May 2010

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By Peter Bearse
Is it any wonder that our economy is screwed up? -- When Congress
can’t even ask the right answers, let alone get to reasonable answers
on the need for reforms in the financial sector, or in Congress itself
-- so as not to screw up another sector of the economy. The key issue
which Congress avoids is distribution of power, not only between the
private sector and government, but within the private sector, too.
Avoidance has consequences. One is that government will continue to be
part of the problem because a Democratic Congress mistakenly assumes
that it’s the major part of the solution to any problem. Another is
that the economy will be rendered less dynamic. Government
intervention into any sector of the economy favors the financial
powers that be to the disadvantage of the smaller fry -- small,
community-based banks, small business and entrepreneurs. As I noted in
earlier releases, the big boys, on balance, destroy jobs; smaller
actors create them. An American economy guided by big government
bailing out big banks is in danger of riding on the same rails as
Japan from 1990 to about 2002 -- low growth and high inflation --
Congress puts the country in danger when it sets to solving the wrong
problems. It often does so by overreacting to media headlines rather
than trying to get to the roots of problems. So, rather than finding
ways to get the financial sector to serve the real economy, Congress
comes up with “reforms” that serve the sector and itself. Why? --
because it starts with a misleading diagnosis: that the core problem
is that the burden of bailouts falls too much on taxpayers. Then it
starts down a misguided path guided by the influence of big money
contributions to help Members’ reelection. So, if you want to know
what’s happening with financial regulation -- “Follow the money!”
Thus, as in the case of the earlier un-healthy concoction carrying a
reform” label, we face a huge bill…
Ä        Whose implications for the future are poorly understood and too
little debated;
Ä        That does not eliminate either significant chances of future
bailouts, nor of taxpayers being put on the hook for them [The latter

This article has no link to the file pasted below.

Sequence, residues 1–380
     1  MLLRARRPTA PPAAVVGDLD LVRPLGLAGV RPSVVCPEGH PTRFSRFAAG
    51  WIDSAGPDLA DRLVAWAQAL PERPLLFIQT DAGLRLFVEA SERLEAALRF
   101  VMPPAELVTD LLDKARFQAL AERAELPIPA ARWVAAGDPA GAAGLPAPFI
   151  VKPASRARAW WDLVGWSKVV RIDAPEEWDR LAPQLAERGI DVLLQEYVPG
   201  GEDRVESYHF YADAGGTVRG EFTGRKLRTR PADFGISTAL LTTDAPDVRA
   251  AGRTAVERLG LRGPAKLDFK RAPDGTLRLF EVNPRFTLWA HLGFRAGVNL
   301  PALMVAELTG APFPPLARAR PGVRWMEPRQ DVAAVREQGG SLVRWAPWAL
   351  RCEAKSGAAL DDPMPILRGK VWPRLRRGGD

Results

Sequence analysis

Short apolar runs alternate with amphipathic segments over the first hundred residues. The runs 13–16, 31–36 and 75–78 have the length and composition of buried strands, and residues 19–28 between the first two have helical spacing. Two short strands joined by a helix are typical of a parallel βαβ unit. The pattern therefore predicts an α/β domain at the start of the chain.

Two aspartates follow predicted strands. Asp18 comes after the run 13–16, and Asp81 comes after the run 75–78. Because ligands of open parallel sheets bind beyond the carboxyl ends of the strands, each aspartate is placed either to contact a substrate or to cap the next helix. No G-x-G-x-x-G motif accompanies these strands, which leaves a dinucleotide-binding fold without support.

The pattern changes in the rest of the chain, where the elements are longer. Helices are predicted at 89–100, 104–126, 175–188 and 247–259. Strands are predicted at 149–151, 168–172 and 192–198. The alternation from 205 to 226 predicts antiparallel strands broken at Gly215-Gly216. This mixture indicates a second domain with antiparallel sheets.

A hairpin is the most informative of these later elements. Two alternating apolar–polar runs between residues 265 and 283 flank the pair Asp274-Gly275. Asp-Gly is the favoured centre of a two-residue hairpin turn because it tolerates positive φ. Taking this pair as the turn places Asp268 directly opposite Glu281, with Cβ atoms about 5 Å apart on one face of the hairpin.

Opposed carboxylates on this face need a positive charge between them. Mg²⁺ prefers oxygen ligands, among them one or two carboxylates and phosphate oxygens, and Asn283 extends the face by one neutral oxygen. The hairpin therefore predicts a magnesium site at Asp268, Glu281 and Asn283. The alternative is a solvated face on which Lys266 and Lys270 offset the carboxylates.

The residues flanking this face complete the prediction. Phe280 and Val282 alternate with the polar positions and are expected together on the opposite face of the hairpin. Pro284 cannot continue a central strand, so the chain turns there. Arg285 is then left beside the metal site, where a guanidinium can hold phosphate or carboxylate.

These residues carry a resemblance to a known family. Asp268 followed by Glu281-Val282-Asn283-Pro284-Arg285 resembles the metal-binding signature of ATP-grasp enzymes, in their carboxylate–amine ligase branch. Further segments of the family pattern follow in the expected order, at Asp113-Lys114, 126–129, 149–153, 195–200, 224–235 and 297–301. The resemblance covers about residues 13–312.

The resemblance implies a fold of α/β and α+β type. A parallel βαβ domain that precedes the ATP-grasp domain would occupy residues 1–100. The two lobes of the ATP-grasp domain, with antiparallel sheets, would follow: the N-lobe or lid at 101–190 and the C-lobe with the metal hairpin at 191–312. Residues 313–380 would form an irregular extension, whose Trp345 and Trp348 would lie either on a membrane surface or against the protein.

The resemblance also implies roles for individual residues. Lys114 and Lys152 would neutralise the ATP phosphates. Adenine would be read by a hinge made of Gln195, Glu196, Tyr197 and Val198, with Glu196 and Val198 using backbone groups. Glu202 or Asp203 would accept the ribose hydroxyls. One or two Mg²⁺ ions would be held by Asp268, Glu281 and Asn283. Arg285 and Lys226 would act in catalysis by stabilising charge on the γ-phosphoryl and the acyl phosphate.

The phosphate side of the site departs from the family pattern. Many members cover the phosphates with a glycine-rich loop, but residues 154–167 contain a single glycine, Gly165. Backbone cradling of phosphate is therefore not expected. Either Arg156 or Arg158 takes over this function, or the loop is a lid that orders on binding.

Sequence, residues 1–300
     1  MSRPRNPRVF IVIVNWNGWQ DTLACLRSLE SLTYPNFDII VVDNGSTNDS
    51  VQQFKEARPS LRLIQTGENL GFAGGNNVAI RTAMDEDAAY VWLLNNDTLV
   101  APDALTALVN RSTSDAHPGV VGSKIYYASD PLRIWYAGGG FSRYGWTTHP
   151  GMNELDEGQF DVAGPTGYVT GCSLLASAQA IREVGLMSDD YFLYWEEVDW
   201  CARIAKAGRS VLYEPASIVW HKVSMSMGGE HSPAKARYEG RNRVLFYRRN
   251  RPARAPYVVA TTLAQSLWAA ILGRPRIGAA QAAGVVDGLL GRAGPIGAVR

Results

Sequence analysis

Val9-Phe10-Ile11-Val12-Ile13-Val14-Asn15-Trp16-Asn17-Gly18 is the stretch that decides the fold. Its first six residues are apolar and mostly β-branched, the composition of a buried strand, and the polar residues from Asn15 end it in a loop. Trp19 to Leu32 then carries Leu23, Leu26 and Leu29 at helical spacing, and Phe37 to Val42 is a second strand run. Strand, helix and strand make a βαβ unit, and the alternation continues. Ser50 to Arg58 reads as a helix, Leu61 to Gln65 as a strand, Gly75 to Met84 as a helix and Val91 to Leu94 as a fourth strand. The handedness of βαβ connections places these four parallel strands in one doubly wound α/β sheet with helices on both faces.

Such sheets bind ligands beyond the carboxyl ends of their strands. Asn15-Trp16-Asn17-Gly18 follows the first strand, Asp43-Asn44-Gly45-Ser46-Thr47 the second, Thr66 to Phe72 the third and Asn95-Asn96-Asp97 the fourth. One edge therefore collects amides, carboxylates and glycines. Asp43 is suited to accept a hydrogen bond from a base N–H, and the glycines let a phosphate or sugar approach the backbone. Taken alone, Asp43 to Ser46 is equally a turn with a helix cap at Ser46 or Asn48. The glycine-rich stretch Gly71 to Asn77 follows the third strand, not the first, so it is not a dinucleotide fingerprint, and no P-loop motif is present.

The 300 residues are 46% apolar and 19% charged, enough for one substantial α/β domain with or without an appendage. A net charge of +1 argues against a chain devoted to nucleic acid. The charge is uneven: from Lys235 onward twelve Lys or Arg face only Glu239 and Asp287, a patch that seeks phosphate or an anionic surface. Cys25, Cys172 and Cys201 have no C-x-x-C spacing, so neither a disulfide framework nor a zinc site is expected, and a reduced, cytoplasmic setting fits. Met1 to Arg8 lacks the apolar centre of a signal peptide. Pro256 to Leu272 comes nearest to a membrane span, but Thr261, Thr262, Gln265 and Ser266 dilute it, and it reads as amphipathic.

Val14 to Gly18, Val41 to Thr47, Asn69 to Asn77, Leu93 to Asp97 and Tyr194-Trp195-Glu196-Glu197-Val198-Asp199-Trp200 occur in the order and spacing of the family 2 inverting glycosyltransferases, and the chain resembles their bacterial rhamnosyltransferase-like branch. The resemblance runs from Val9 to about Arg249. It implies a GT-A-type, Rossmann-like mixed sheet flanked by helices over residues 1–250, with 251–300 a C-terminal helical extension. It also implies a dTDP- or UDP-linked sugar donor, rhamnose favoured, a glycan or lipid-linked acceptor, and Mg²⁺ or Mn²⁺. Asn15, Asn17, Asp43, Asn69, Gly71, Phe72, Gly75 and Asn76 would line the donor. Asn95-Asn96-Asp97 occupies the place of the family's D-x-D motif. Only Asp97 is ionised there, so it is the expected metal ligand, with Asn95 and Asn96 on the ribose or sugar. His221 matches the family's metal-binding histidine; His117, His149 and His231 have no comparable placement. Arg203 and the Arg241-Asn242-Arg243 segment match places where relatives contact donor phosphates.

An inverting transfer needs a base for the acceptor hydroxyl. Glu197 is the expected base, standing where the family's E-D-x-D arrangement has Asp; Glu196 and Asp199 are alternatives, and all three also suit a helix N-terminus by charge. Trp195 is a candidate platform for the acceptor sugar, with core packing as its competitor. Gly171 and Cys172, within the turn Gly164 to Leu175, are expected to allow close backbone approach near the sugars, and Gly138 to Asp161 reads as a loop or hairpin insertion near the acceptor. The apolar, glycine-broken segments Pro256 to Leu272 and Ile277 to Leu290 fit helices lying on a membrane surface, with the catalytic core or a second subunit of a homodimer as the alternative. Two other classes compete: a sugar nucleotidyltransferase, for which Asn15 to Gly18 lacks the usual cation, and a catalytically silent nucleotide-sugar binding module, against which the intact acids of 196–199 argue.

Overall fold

is hidden in the section on FDIC “loans”];
Ä        Whose risk-management via governmental regulation threatens to put
dampers on the prime drivers of our economic progress --
entrepreneurship and innovation; and…
Ä        Whose solicitous care and favoritism for the big boys spells a big
imbalance in the economy: Investors will favor big banks and
corporations over small, community-based banks and more
entrepreneurial enterprises. The market and political power of the big
would grow. The corruption of Congress would increase, threatening the
foundation(s) of our Republic.
What features need to be included in a real reform package that would
finance real American enterprise, not a casino economy?   There are
eight (8):
v        Non-bank financial companies need to be regulated as banks if any
part of the corporation takes deposits.
v        “Standard” derivatives’ trading should be moved out of banks into
public trading exchanges. “Customized” trading can continue through
in-bank “desks“, but with federal agency oversight.
v        Securities’ underwriting and trading needs to be regulated, and
incentives provided, so that banks and other financial institutions
provide more patient money for business development, not incentives
for “flipping” investments to make quick bucks.
v        Existing financial regulatory agencies need to be consolidated,
trimmed and refocused rather than adding another, new agency to an
already cumbersome bureaucratic layer-cake.
v        The attitude that some big banks are TBTF -- “Too Big To Fail”
should be disposed of. Failed banks should be handled, as now, by the
FDIC. Bank corporations or holding companies should be allowed to fail
and/or be reorganized under bankruptcy statutes. Any expectation that
any banks will be “bailed out” through any other mechanism should be
put to rest.
v        Congress should recognize that the biggest banks are multinational
corporations. Thus, some provisions of American legislation designed
to alleviate “systemic risk” should be conditioned on trans-national
coordination, cooperation and sharing of burdens yet to be worked out
underBasel III.”
v        Capital reserve requirements of non-bank financial companies need to
be increased, significantly, and allowable leveraging (debt/equity
ratios) decreased.
v        Restore the “double liability” system that governed banks until the
FDIC was established in the 1930’s, whereby bank officers’ personal
assets would be liquidated to make depositors whole if a bank failed.
Republican Senators should stand fast against Democrats’ attempt to
ram through another bad bill, so that these and other improvements can
be made.
        PETER BEARSE, Ph.D., International Consulting Economist and
Independent-Conservative Reagan Republic Candidate for Congress in NH
CD 1, April 27, 2010. Comments welcomed by and/or